A rare storm packing 160km/h winds and with power similar to an inland hurricane has swept across the US midwest, blowing over trees, flipping vehicles, causing widespread property damage and leaving hundreds of thousands without power as it turned toward Chicago.
The storm known as a derecho lasted several hours on Monday as it tore across eastern Nebraska, Iowa and parts of Wisconsin, had the wind speed of a major hurricane, and likely caused more widespread damage than a normal tornado, says Patrick Marsh, science support chief at the National Weather Service's Storm Prediction Center in Norman, Oklahoma.
It's not quite a hurricane. It has no eye and its winds come across in a line, Marsh says, but the damage it is likely to do spread over such a large area is more like an inland hurricane than a quick more powerful tornado.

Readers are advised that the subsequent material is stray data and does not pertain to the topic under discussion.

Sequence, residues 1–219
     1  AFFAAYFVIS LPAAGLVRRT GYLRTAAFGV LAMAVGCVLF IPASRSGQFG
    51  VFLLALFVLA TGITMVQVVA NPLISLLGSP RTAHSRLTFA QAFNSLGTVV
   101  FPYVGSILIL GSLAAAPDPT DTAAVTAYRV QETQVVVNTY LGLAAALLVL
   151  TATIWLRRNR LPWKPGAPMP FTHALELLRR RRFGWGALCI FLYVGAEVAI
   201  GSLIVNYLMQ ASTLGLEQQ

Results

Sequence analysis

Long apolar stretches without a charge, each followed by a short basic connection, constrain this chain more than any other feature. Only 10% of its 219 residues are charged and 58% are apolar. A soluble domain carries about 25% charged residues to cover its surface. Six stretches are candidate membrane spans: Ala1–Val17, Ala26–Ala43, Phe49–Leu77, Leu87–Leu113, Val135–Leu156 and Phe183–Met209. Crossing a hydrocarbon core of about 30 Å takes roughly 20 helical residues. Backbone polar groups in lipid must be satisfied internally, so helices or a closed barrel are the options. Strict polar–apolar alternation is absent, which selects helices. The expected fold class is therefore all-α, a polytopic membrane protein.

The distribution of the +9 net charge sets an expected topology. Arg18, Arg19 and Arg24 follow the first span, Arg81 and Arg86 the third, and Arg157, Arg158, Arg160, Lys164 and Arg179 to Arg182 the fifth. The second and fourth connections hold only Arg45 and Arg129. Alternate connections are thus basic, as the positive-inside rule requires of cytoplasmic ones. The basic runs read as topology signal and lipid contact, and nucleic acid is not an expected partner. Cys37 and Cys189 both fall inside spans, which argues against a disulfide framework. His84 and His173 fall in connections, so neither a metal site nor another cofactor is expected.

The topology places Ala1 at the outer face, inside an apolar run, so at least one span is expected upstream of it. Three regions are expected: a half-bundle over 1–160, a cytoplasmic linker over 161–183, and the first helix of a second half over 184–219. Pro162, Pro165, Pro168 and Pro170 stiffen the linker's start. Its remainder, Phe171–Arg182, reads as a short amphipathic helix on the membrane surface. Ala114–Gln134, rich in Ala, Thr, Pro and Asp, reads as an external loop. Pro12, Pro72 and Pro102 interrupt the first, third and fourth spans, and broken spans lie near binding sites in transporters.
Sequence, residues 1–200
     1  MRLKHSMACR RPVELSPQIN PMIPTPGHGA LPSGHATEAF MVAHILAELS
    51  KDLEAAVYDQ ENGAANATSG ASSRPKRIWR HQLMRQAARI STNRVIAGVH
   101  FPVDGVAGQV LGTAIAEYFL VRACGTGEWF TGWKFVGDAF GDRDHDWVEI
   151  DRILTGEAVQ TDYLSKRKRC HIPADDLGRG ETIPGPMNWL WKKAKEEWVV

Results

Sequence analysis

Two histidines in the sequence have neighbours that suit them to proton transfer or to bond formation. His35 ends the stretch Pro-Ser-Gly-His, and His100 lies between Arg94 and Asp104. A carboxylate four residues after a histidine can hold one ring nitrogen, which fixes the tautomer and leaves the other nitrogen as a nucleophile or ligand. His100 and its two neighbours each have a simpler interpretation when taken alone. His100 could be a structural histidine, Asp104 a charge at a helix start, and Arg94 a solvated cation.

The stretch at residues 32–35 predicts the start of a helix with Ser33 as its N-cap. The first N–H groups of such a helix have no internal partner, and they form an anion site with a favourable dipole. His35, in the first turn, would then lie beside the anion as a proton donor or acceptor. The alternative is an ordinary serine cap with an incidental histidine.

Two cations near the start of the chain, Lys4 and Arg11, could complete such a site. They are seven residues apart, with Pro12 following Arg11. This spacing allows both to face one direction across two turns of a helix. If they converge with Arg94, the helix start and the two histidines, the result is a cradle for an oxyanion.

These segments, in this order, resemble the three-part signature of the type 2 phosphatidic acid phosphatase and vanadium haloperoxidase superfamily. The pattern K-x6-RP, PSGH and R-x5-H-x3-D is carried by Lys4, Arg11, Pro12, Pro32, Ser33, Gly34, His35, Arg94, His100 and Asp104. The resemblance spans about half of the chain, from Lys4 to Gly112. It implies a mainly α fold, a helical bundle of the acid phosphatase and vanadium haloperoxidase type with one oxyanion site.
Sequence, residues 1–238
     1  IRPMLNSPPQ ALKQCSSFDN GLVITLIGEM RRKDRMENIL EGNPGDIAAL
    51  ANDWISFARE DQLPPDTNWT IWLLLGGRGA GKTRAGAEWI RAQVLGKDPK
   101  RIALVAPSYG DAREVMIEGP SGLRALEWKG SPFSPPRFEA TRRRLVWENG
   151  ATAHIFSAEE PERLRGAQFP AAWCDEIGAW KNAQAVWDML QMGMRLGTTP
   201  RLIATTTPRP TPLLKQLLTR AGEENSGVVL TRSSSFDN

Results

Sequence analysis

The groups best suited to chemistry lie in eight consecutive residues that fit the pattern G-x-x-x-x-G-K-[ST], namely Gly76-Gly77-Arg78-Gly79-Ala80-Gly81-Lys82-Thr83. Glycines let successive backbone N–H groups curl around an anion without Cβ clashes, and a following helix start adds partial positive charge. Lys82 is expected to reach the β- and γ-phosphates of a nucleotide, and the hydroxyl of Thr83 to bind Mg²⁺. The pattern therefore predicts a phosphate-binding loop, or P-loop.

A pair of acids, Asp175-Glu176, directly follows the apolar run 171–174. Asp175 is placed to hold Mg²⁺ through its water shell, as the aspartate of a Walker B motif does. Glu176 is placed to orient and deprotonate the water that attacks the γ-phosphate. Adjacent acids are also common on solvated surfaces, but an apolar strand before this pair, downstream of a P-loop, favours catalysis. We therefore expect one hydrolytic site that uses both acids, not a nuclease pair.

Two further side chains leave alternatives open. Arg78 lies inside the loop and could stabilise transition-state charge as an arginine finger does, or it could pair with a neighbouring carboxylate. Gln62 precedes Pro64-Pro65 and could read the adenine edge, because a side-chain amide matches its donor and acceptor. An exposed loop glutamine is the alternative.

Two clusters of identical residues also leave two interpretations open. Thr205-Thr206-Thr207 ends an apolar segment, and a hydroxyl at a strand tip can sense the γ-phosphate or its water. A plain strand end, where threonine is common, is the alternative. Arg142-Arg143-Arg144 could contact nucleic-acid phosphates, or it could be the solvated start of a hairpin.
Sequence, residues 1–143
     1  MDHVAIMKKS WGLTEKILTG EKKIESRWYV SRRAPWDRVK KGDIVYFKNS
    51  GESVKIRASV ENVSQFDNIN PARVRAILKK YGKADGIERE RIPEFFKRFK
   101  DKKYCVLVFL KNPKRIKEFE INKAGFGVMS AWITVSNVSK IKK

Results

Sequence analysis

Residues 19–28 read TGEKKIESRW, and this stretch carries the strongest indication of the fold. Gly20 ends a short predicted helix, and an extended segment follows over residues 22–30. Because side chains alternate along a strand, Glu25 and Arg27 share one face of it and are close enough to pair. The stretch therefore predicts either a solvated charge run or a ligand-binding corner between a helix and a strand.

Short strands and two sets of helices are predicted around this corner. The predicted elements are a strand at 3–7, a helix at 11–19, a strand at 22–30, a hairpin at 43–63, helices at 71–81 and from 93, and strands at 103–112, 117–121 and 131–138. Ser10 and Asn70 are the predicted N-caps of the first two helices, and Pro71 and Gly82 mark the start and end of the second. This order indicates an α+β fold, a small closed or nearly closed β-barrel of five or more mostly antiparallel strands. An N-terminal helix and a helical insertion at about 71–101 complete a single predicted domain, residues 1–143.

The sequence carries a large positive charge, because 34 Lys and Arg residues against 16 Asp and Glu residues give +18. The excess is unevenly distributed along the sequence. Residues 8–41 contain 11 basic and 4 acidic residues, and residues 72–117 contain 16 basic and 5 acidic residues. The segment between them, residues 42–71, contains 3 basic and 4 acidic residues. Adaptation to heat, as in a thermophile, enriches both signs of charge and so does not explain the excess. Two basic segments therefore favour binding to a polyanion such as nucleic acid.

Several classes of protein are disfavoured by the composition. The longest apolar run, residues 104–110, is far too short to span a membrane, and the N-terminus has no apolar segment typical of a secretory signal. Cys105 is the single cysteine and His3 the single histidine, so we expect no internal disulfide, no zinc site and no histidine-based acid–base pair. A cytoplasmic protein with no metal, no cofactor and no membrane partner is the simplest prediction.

What makes a derecho worse than a tornado is how long it can hover one place and how large an area the high winds hit, Marsh says.
"Right now, it's making a beeline for Chicago," Marsh said mid-afternoon on Monday. "Whether or not it will hold its intensity as it reaches Chicago remains to be seen."
But the environmental conditions between the storm and Chicago are the type that would not likely diminish the storm, Marsh said. It would likely dissipate over central or eastern Indiana, he said.
Australian Associated Press